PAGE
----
The Union County Board of Chosen Freeholders is pleased to announce that two national achievement recognitions for history projects have been presented to the Union County Office of Cultural & Heritage Affairs, a division of the Department of Parks and Recreation.
“Union County is rich in history, and this Freeholder Board is committed to engaging the public with programs and activities that provide new insights into the people, places and events that have shaped our community,” said Freeholder Chairman Sergio Granados, who has been a member of the Parks Advisory Board for several years. “I would like to thank our Parks and Recreation staff for developing these new award-winning programs, which are enjoyed by residents and visitors alike.”
The awards were announced by the National Association of Counties (NACo) in the category of Arts, Culture and Historic Preservation for new interpretive signage at the Deserted Village of Feltville, and in the Civic Education and Public Information category for a group of projects including history trading cards, the County’s inclusion in the Crossroads of the American Revolution National Heritage Area, and its sponsorship of the National Parks passport program, which has brought visitors from out of state to visit local historic sites.
“I am always inspired and impressed by the dedication of our employees to make a national mark, and have our collective work supported by our Freeholder Board recognized. Our county delegation was truly in good company and we benefited from the NACo experience,” said Freeholder Angela Garretson.
“Union County’s place in the Revolutionary War is well known, and these new programs help inform the public about the many other sites and personalities who have made an impact on our history and, in some cases, on the world,” said Freeholder Rebecca Williams. “I know that historic preservation is very important to my hometown of Plainfield, and we want all Union County residents to have the enriching experience of history right in their own backyards.”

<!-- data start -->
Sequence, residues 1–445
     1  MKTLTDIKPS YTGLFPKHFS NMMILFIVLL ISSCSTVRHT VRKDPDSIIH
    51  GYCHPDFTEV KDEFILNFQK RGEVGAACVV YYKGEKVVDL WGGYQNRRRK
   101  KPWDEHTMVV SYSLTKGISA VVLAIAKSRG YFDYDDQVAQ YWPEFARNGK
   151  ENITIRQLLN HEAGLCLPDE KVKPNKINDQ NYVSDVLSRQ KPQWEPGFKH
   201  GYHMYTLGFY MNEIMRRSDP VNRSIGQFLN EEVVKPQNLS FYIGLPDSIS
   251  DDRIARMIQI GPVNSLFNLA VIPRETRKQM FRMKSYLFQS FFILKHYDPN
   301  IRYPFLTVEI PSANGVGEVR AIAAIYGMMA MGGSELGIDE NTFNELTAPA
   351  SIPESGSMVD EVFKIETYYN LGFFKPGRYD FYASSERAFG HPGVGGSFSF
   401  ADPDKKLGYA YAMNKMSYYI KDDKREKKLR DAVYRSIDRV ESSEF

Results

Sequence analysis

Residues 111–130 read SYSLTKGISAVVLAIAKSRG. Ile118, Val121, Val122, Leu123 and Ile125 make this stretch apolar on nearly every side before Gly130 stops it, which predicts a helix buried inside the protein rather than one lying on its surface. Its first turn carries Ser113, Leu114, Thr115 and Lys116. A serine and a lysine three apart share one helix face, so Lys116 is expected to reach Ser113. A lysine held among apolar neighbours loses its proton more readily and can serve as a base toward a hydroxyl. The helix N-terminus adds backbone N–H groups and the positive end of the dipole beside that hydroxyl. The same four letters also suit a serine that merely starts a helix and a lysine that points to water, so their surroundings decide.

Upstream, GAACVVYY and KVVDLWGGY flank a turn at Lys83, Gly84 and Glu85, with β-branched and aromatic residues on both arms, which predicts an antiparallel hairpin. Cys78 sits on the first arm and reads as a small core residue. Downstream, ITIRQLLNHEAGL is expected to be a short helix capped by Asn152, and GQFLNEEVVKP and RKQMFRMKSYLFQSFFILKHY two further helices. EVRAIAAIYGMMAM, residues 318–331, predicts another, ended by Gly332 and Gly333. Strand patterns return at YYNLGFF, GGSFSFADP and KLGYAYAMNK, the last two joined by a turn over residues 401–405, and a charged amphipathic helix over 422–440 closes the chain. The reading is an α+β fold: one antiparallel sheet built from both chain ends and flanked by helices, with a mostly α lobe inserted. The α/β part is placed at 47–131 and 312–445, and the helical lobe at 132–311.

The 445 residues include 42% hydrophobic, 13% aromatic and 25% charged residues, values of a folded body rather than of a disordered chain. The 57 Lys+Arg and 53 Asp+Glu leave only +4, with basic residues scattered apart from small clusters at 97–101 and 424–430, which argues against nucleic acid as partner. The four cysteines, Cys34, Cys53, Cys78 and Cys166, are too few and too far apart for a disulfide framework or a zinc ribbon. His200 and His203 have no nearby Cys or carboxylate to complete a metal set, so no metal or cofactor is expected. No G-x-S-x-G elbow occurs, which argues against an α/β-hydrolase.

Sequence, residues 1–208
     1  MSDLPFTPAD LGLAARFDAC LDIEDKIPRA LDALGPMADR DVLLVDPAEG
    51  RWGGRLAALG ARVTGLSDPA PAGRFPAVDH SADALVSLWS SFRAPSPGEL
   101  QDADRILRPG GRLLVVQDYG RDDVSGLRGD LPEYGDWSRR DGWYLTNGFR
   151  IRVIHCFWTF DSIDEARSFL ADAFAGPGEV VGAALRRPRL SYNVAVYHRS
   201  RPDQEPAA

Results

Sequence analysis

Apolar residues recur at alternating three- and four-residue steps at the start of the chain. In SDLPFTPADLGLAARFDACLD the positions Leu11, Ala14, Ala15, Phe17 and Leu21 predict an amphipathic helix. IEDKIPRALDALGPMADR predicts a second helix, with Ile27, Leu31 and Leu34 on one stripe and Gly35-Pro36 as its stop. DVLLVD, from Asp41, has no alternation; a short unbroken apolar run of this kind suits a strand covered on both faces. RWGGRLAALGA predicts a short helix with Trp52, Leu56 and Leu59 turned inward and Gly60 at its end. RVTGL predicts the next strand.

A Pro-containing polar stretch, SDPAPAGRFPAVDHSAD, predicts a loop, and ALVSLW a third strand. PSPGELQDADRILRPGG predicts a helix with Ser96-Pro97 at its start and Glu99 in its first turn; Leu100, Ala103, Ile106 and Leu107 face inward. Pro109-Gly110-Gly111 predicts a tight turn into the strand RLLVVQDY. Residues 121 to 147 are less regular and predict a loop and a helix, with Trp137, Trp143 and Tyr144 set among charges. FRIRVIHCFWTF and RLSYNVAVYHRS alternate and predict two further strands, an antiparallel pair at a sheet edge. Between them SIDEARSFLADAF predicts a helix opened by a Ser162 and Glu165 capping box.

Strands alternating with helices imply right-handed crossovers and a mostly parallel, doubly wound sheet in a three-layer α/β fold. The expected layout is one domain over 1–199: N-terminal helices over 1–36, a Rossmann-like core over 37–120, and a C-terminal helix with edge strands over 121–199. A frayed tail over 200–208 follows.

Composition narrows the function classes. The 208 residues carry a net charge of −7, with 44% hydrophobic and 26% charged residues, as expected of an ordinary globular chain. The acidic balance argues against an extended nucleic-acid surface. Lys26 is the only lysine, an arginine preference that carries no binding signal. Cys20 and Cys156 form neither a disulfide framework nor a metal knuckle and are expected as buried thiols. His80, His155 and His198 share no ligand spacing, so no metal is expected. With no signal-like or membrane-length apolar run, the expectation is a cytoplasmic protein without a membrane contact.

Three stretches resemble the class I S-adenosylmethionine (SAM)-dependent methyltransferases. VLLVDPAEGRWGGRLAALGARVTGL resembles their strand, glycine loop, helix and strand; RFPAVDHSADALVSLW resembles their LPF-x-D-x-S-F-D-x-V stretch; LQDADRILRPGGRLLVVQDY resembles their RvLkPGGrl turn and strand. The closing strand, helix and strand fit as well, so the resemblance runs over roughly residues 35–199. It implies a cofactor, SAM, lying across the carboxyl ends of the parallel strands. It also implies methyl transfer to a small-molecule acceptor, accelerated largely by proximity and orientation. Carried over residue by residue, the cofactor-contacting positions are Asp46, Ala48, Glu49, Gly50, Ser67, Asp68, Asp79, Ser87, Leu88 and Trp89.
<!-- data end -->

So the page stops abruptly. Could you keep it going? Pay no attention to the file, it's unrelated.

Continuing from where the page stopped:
The national recognition is especially significant because New Jersey has not been represented in the NACo awards program in the Arts, Culture & Historic Preservation category since 2007. In addition, 2010 was the last year that a New Jersey county won the
The awards were announced in May and were officially presented to Union County Freeholders Angela Garretson and Rebecca Williams in an awards ceremony earlier this week in Nashville, Tennessee.
These award-winning history projects support the goals of Chairman Granados’s Moving Union County Forward “Plant a Seed” goals for empowering adults and children through education.
Nationally, NACo provides awards in 18 different categories that reflect the comprehensive array of services provided by county government.
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